England U20s, runners up in last year's tournament, got their 2009 JWC campaign off to an eventful start with a 43-0 win over Japan today.
43-0 looks comfortable enough on paper but there were some unsettling moments for England who had to overcome losing players to a red and a yellow card on their way to victory.
Head Coach Mark Mapletoft will take the bonus point win but probably acknowledge that there is work to do in several areas if his side are to improve on last year's showing.
England struggled to assert their superiority in the early stages in testing, wet conditions in Tokyo.
The home team were aggressive in defence, understandably backed by a vociferous crowd, and handling mistakes were commonplace.
Gloucester's Dan Williams worked hard in the tight, carrying the ball around the fringes and clearing out rucks powerfully.
Bath flanker Josh Ovens got things going as he broke from inside in his own half and romped into the Japan half. The support wasn't quite there but England were patient and Ovens finished off the move after a couple more phases.
And the back row prominent again in England's second score as Chris York powered over from close range after a muscular break from the back of a set scrum from Carl Fearns.
Skipper Luke Eves led from the front as he took a great angle to score England's third just before the interval and England looked to be away with a 24-0 interval lead.
It was Eves' last contribution as he was replaced at half time by Gloucester's Henry Trinder and England started the second half in search of the bonus point try.
But things took an unexpected twist early in the second period as Quins prop Joseph Marler was sent off on the advice of the touch judge.
Understandably buoyed, Japan piled on the pressure but turned over ball near the England line and scrum half Ben Youngs broke and put winger George Lowe in for a sprint to the corner from his own 22.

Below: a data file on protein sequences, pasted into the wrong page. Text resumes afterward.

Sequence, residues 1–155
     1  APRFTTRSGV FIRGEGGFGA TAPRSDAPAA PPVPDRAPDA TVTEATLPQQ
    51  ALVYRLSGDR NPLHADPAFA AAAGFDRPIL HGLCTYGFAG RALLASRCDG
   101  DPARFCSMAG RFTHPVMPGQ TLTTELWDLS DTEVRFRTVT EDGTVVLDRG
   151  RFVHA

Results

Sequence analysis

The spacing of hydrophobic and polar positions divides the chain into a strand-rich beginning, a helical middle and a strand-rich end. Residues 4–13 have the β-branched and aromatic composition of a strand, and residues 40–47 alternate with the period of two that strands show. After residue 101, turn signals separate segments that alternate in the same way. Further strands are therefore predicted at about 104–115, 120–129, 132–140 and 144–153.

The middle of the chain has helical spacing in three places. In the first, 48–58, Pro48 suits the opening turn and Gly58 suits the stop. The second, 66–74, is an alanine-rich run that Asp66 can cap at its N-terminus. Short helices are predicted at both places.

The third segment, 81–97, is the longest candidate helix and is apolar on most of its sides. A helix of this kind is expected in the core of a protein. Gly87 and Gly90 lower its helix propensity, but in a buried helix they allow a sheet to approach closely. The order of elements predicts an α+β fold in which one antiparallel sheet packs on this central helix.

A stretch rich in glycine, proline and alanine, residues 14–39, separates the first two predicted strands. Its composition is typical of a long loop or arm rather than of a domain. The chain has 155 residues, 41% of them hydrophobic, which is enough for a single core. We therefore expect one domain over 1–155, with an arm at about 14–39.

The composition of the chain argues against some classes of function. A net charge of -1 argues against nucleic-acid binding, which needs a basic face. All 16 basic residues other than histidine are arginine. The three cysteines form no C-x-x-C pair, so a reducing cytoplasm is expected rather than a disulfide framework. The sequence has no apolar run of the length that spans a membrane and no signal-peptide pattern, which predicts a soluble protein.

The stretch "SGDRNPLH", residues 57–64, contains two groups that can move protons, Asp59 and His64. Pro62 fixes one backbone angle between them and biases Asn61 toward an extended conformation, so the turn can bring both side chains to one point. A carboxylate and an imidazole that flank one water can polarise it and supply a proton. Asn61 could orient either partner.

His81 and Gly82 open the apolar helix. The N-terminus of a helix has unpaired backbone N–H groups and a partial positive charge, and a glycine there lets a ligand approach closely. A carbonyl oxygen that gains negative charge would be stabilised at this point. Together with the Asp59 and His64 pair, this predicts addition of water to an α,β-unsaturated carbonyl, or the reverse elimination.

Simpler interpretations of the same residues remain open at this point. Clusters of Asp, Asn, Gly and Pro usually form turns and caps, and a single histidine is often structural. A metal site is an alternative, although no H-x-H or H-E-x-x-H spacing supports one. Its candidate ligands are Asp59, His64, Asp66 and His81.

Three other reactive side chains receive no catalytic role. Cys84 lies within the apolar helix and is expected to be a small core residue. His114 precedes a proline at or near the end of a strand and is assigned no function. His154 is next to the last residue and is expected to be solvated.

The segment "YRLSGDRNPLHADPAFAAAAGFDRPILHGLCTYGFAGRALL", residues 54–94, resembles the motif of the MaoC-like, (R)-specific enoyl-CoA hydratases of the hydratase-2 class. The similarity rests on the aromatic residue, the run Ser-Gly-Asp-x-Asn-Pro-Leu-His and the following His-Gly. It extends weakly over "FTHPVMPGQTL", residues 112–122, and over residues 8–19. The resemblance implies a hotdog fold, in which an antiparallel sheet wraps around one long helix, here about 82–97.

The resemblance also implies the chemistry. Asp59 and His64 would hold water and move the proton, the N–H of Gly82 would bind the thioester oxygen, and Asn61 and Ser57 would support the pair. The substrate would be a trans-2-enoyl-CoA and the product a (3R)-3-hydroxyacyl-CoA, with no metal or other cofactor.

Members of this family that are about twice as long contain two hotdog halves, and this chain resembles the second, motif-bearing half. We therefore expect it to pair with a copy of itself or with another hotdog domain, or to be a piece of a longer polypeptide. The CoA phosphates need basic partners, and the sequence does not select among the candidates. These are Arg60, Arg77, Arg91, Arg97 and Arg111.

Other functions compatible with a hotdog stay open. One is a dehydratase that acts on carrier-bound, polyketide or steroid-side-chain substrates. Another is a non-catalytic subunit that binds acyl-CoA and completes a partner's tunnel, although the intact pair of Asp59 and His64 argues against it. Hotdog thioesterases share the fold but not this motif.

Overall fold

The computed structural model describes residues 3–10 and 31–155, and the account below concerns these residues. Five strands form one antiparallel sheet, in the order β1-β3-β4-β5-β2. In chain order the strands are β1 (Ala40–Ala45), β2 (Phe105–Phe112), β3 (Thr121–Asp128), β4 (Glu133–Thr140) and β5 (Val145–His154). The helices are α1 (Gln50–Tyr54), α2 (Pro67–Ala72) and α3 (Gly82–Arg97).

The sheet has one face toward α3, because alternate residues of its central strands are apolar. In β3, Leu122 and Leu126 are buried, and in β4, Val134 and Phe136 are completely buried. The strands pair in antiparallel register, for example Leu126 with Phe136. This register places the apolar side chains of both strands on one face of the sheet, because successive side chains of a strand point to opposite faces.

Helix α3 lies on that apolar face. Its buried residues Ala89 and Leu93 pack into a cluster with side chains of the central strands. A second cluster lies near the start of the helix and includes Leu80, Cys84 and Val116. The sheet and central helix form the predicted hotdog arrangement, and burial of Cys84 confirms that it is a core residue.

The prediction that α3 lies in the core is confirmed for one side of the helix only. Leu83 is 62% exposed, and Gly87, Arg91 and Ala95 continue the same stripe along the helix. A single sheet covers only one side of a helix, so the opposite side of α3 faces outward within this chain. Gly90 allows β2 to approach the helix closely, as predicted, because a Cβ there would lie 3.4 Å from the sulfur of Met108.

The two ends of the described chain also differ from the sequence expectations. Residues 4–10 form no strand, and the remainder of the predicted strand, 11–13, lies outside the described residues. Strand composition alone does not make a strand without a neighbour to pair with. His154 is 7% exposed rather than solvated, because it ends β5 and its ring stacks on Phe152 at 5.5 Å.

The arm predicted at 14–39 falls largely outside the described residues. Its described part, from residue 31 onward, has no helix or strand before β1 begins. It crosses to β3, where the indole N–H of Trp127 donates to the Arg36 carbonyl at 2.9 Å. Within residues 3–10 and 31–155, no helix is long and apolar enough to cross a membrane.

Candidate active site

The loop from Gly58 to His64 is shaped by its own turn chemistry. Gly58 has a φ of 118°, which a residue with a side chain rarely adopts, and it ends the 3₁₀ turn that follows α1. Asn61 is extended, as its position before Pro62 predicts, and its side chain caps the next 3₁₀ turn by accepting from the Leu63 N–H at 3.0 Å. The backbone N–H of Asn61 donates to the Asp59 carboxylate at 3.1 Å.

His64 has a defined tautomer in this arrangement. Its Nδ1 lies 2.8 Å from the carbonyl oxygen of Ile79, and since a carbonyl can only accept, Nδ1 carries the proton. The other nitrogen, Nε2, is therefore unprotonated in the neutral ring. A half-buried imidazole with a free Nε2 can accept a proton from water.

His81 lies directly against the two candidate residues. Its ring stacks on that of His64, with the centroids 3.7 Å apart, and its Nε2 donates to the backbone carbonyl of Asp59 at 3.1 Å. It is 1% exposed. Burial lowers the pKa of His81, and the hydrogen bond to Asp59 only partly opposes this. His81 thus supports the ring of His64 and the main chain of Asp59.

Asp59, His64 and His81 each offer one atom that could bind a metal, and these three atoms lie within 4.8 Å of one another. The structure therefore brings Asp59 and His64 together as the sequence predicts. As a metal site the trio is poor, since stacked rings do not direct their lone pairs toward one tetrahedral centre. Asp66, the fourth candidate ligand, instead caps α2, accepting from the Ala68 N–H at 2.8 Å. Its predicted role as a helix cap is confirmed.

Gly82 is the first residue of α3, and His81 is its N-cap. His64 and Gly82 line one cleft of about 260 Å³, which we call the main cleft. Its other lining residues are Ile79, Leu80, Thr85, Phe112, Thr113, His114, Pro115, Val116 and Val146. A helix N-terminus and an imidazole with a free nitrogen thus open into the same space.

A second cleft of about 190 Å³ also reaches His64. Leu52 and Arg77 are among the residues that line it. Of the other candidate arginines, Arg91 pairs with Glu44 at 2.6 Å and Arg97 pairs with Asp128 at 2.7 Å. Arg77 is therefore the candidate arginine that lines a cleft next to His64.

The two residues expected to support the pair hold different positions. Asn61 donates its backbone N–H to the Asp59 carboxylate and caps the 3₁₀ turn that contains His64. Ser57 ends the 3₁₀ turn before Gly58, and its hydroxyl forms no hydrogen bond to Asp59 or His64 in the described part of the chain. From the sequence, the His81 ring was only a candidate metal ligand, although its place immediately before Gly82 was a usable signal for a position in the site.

England added a fifth as Fearns smashed his way over from a 5m scrum but were then reduced to 13 men as Bob Baker was yellow carded for slowing the ball down in a ruck.
With the game losing some fluency as the second half ebbed away, Trinder almost got on the scoresheet but was halted just short but Courtney Lawes took a flat pass to stroll through a gap and cross untouched.
Dave Lewis got a half hour run out as a second half replacement for Youngs and had a couple of worrying moments as he had kicks charged down in his own half which was perhaps understandable give the lack of forwards protecting him at the breakdown.
But his service out of hand looked slick and his confidence looked unaffected after a couple of sniping runs.
Brighton is the venue of choice for England this week as the squad have reported for a training camp to prepare for the upcoming international against Wales. GRTV caught up with Gloucester's Matt Kvesic after the first day's training.
Speaking to GRTV after the game, Gloucester Rugby number eight Ben Morgan reflected on the loss to Northampton Saints, and spoke about what he and the team need to do for the new season when the team return after the summer break.
In only his second Aviva Premiership outing, Lloyd Evans scored his first senior try for Gloucester against Northampton Saints on Saturday and told GRTV afterwards that he enjoyed the experience despite finishing on the losing side.
Gloucester will round off their Aviva Premiership campaign on Saturday with a tough finale against Northampton Saints. Director of Rugby David Humphreys told the local media this week that he's pleased with the team's attitude over the past two games and is looking for more of the same.
Speaking to GRTV after the 12-11 Aviva Premiership victory at Sale Sharks on Friday evening, Matt Kvesic described it as a real team effort with several players having to play out of position due to illness and injury in the ranks.
Despite he and a number of his team mates playing out of position, Greig Laidlaw's four penalties were enough to help Gloucester to a 12-11 Aviva Premiership win at Sale on Friday evening. The skipper told GRTV after the game that everyone had played their part, especially the younger players.